Reach the World – Field Note – Environment

Originally published by Reach the World, November 27, 2015
mountain
Introduction:
South Korea is a mountainous peninsula in East Asia. A “peninsula” is an area of land that is surrounded by water on three sides. Florida is an example of a peninsula in America. About seventy percent of Korea’s land has mountains, which beautify the land but also present unique challenges to the people who live in Korea.

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Reach the World – Logbook – Seoul, the Sooneung, and School Events

Originally published by Reach the World, November 20, 2015

How far did I travel this week?: I traveled to two cities this week: Daegu and Seoul. Daegu is a large city about two hours north of Gimhae. Seoul, which is about five hours northwest of Gimhae, is the capital city of Korea. It is even larger than New York City!

How far have I traveled on this journey so far?: I have traveled to Gimhae, Busan, Daegu, Jinju, Seoul, Gyeongju, Sokcho, and Goesan. In January, I will travel to Thailand and Vietnam for my winter break.

How did I get around this week?: I took an intercity bus to get to Seoul, and then I took the high speed train home. The bus was stuck in traffic, so it took about six hours. The high speed train, which is called KTX, took less than three hours to travel across the country!

What was the most interesting place I visited this week?: I visited Namdaemun Market in Seoul, which is one of the largest traditional markets in Korea. There were many stalls selling street food, clothing, and souvenirs.

Other Travel News from this week: Earlier in the week, I went to a teachers’ conference in Daegu, which is a city about two hours north of Gimhae. During the conference, I volunteered with Korean schoolchildren to paint a mural of the world.

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Interview With a Teacher

 Originally published by Reach the World, November 13, 2015

*This is an interview with one of the non-English teachers who I teach once a week. She is one of my good friends at school.

Introduction:
Today, I interviewed one of the teachers at my high school about her family, her travels, and her life in Korea. She was so excited to introduce herself to American and Canadian students! We conducted most of the interview in English, but we also used some Korean and an on-line dictionary to help us out. The interview below has some minor edits for clarification.

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Questions from Quebec: A “Reach the World” Update

A few weeks ago, I posted that I volunteer as a travel writer for Reach the World, a New York nonprofit that fosters global connections between North American students and travelers abroad. Last month, I was matched with a fourth grade classroom in Quebec. The students have been following my journey online, and this week they sent me a list of questions about my experiences in Korea. I’d like to post their questions (and my answers) here so you can see what the students were most curious about.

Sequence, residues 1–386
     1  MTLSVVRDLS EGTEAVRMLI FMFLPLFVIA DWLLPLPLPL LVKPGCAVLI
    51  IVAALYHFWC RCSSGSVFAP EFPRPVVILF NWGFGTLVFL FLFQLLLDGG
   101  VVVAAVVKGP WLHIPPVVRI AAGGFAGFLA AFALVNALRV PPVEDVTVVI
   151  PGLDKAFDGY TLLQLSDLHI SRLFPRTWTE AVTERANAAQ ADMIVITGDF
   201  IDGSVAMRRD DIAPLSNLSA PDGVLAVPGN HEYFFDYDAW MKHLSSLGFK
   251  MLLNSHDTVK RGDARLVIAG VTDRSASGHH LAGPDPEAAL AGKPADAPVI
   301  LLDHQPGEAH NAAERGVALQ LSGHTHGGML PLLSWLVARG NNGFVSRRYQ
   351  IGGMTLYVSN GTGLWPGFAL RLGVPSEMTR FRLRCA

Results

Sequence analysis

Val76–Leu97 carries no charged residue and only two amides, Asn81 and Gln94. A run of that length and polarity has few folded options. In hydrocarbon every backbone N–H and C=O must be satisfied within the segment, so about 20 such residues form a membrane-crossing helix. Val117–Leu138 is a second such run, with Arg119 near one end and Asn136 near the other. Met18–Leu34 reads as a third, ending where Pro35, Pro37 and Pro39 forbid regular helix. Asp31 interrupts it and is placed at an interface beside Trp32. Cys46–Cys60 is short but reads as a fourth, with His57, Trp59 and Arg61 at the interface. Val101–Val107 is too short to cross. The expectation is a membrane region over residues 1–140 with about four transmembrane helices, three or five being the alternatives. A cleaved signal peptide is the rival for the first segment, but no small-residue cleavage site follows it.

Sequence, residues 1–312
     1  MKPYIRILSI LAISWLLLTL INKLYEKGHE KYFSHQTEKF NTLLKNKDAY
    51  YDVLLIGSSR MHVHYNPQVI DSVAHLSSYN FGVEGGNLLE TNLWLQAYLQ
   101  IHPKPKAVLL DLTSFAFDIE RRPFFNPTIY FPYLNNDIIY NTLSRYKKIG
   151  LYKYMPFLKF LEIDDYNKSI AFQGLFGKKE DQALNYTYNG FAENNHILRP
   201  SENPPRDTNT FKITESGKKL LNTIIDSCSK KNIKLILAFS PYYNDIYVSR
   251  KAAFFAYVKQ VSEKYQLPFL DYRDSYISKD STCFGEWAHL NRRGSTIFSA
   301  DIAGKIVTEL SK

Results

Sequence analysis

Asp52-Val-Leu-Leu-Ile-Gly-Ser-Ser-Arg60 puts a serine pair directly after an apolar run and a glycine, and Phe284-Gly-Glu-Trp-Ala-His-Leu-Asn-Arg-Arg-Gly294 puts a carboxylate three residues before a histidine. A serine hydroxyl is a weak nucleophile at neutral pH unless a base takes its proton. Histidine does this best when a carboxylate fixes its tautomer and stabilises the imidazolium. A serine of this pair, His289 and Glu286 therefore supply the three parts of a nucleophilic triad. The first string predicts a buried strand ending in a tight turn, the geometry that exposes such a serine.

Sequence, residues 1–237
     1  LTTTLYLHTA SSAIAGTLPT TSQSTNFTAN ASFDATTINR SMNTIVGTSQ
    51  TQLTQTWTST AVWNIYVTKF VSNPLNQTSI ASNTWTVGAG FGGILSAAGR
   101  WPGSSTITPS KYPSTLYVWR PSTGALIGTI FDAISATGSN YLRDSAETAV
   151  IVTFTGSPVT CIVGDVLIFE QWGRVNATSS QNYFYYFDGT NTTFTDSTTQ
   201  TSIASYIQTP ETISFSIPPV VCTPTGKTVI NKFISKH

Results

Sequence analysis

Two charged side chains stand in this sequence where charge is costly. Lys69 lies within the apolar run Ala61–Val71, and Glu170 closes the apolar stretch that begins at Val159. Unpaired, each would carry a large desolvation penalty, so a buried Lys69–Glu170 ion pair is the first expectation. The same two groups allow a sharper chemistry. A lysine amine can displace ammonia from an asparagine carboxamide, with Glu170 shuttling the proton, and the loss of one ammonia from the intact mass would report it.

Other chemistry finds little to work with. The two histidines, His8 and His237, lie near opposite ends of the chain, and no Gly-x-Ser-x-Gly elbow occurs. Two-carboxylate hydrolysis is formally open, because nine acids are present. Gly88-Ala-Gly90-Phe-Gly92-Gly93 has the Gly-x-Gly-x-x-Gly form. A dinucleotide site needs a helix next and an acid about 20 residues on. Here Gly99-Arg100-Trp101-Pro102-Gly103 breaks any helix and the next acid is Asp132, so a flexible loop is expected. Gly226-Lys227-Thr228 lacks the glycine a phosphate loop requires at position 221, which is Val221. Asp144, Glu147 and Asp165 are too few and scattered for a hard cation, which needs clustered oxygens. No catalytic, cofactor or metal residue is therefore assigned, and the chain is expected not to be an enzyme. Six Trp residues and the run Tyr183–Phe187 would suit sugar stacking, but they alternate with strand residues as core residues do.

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Thanksgiving Weekend

In America, the holiday season is fully underway. The end-of-year trifecta of Halloween, Thanksgiving and Christmas means almost nonstop feasting, decorating, and spending time with family. In Korea, the two major holidays in the fall and winter are spread much further apart. The Korean harvest festival, Chuseok, takes place in September. The next major holiday is Christmas in December.

To give us some holiday spirit and a touch of home, Fulbright held its annual Thanksgiving dinner at the lodge on the U.S. Army base in Seoul.

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수능 Day: Or, the Korean SAT

November 12. My students’ hard work and exhausting hours of study culminate in this one day that, for many of them, will determine the course of their lives after high school.

Imagine the SAT on steroids. Eight hours of testing, five subjects (Korean, math, English, social studies/science/vocational, additional foreign language), and only one day a year when students can take the test. The one score that mainly determines college admissions. This is the sooneung (수능), or College Scholastic Aptitude Test in Korea.

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Reach the World – Logbook – Fall Updates and a Trip to Gyeongju

Originally published by Reach the World, October 30, 2015

Anapji

How far did I travel this week?:This week, I traveled to a city called Gyeongju. Gyeongju is an hour and a half north of Gimhae, and it is in southeastern Korea.

 

How far have I traveled on this journey so far?:So far, I have traveled to Seoul, Busan, Gimhae, Jinju, Sokcho, Miryang, Goesan, and Gyeongju. The farthest cities were Sokcho, which is a beach town in the northeast, and Seoul, which is the capital city in the northwest.

 

How did I get around this week?:This week, I traveled around Gimhae with taxis, buses, subways and walking. In Gyeongju, I took a bus tour to see the highlights of the city.

 

What was the most interesting place I visited this week?:The most interesting place I visited this week was Bulguksa Temple, which is located in Gyeongju. Bulguksa Temple showcases ancient Korean architecture, including pagodas and Buddhist centers of worship. Bulguksa Temple is considered one of the national treasures of Korea.

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